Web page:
crypto.fips_enabled = 0 shows that fips is not running. If crypto.fips_enabled = 1, then fips is running. to enable it refer to OS documentation (mostly adding fips=1 on boot line)

  1. Run openssl server part

run openssl server fips
OPENSSL_FORCE_FIPS_MODE=1 openssl s_server -tls1_3 -nocert -psk 1234567890
  1. Run openssl client part

run openssl client fips
OPENSSL_FORCE_FIPS_MODE=1 openssl s_client -tls1_3 -psk 1234567890
  1. Expected result, connection is established with a FIPS-140 2 compatible mechanism.

validated FIPS session
Using default temp DH parameters
Shared ciphers:TLS_AES_256_GCM_SHA384:TLS_AES_128_GCM_SHA256:TLS_AES_128_CCM_SHA256
Supported Elliptic Groups: P-256:P-521:P-384
Shared Elliptic groups: P-256:P-521:P-384
Reused session-id
Secure Renegotiation IS supported
shutting down SSL

no peer certificate available
No client certificate CA names sent
Server Temp Key: ECDH, P-256, 256 bits
SSL handshake has read 258 bytes and written 384 bytes
Verification: OK
Reused, TLSv1.3, Cipher is TLS_AES_128_GCM_SHA256
Secure Renegotiation IS NOT supported
Compression: NONE
Expansion: NONE
No ALPN negotiated
Early data was not sent
Verify return code: 0 (ok)
Post-Handshake New Session Ticket arrived:
   Protocol  : TLSv1.3
   Cipher    : TLS_AES_128_GCM_SHA256
   Session-ID: 0A2B486C5B7D9DC18546161DE8A8DE2457A260C2038B15EA18C826B0F6186B9A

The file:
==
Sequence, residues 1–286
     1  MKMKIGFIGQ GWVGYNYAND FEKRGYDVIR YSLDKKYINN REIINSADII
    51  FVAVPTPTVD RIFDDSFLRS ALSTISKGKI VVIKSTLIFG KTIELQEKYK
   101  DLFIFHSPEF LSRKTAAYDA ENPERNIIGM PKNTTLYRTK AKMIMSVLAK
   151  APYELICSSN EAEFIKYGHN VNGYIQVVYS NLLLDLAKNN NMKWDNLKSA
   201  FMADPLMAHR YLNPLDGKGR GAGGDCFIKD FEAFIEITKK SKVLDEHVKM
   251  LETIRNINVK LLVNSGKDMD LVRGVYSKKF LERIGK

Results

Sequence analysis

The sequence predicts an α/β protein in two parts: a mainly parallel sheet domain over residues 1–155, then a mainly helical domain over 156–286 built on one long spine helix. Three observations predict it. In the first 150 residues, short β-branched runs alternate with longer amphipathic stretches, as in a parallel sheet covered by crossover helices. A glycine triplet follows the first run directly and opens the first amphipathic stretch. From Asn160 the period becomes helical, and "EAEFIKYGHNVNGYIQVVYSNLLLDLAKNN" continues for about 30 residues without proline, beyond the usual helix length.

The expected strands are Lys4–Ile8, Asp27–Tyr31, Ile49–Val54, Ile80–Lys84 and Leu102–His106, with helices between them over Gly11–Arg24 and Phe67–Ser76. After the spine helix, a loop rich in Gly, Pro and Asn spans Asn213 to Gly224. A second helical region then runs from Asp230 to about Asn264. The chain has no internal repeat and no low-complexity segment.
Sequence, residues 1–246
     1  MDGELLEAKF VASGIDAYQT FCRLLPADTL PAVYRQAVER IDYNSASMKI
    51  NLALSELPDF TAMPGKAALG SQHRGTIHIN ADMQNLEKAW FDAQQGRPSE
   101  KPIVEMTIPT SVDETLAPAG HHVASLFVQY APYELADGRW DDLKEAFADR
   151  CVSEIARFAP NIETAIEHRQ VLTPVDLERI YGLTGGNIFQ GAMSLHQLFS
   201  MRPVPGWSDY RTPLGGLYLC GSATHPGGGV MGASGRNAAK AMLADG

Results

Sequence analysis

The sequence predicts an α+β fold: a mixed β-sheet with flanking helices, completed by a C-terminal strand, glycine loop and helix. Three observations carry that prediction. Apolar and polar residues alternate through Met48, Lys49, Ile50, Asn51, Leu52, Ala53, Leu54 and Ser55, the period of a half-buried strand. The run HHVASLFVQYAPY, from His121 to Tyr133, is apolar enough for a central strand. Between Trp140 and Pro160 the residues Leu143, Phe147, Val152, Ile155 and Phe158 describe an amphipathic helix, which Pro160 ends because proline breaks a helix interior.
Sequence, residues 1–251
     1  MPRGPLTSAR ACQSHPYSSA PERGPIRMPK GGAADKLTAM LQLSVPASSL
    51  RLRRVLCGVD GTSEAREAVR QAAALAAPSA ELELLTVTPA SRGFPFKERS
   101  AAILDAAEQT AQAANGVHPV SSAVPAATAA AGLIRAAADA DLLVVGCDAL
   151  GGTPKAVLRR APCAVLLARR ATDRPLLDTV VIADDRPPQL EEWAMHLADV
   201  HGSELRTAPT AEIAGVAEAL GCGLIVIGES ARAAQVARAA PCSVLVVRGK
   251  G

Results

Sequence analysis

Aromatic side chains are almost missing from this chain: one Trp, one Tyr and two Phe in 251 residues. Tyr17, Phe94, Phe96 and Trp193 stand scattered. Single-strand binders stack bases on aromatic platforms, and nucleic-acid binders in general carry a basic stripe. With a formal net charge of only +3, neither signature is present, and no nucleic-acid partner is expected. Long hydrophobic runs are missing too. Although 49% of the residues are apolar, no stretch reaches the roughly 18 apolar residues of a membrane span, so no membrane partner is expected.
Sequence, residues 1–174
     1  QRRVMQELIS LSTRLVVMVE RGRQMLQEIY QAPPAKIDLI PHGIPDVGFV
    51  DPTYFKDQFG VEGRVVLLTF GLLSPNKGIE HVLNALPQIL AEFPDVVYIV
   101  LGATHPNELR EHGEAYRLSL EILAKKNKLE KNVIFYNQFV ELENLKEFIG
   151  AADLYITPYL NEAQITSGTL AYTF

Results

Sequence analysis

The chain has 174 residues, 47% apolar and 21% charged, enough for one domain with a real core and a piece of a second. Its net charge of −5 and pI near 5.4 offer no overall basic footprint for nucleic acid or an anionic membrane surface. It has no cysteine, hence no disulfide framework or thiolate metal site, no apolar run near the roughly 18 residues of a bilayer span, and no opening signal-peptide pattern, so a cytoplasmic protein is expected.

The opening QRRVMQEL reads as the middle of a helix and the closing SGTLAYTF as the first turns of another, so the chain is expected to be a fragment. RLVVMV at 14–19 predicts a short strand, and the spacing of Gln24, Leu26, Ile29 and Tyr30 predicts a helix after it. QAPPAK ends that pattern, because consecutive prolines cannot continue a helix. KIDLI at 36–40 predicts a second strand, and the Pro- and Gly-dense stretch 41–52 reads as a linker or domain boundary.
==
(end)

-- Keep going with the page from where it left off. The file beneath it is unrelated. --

Resumption PSK: 92C0F27394C695F5335C258B2F47DBB34E553FD65C41BAC1F63616629674E79E
   PSK identity: None
   PSK identity hint: None
   SRP username: None
   TLS session ticket lifetime hint: 304 (seconds)
   TLS session ticket:
   0000 - 19 af 09 90 78 d2 23 5d-41 b9 60 b8 b5 3a 20 e4   ....x.#]A.`..: .
   0010 - f9 d1 e5 84 ca e0 71 7f-31 b2 c9 78 ae ff de a0   ......q.1..x....
   0020 - 99 45 59 bf 8f bc 8d 65-25 42 7c 0b 37 6c 87 f5   .EY....e%B|.7l..
   0030 - f3 6e c7 6d 72 60 1e 69-b1 80 61 78 57 51 95 45`.i..axWQ.E
   0040 - 89 2b b9 c6 cc 3d 1b bd-bf af cb 3c ab f1 4b 70   .+...=.....<..Kp
   0050 - 6e 4c e2 6c 12 fc 4d 95-a9 24 7e 66 9e 4e 39 1a   nL.l..M..$~f.N9.
   0060 - 7e 22 76 d5 c1 24 c9 24-7d b7 35 52 13 66 28 73   ~"v..$.$}.5R.f(s
   0070 - b3 72 68 e8 7a 91 a9 7f-9b 75 fb e3 5b 54 9d 06   .rh.z....u..[T..
   0080 - 79 de 6e 2e 35 79 dd 20-ed ab cf f0 0a da 11 a1   y.n.5y. ........
   0090 - 41 a0 50 28 63 c2 cc 4e-21 68 35 f3 80 ec 6f 94   A.P(c..N!h5...o.
   00a0 - 65 98 6d cc 8c 1f 16 a4-5b b0 ae 98 f2 8e f8 91   e.m.....[.......
   00b0 - d4 a0 3a e3 c5 fe 56 cf-40 b8 b2 42 3c 8e fe 98   ..:...V.@..B<...

   Start Time: 1633610456
   Timeout   : 304 (sec)
   Verify return code: 1 (unspecified certificate verification error)
   Extended master secret: no
   Max Early Data: 0
read R BLOCK

Fileset Signature Algorithm

The default signature algorithm to verify the integrity of the files is MD5. As all MD5 related function are disabled in FIPS mode, Bareos emits errors like the following when trying to calculate MD5 siguatures on a FIPS system:

Warning: MD5 digest digest initialization failed
Error: OpenSSL digest initialization failed: ERR=error:060800C8:digital envelope routines:EVP_DigestInit_ex:disabled for FIPS

To solve this problem, the Signature option in your fileset to be changed to something stronger than MD5 or SHA1, for example SHA256:

FileSet {
   Name = "File"
   Description = "Backup FIPS MODE"
   Include {
      Options {
         Signature = "SHA256"

With these modifications, Bareos can be run on a FIPS enabled Operating System.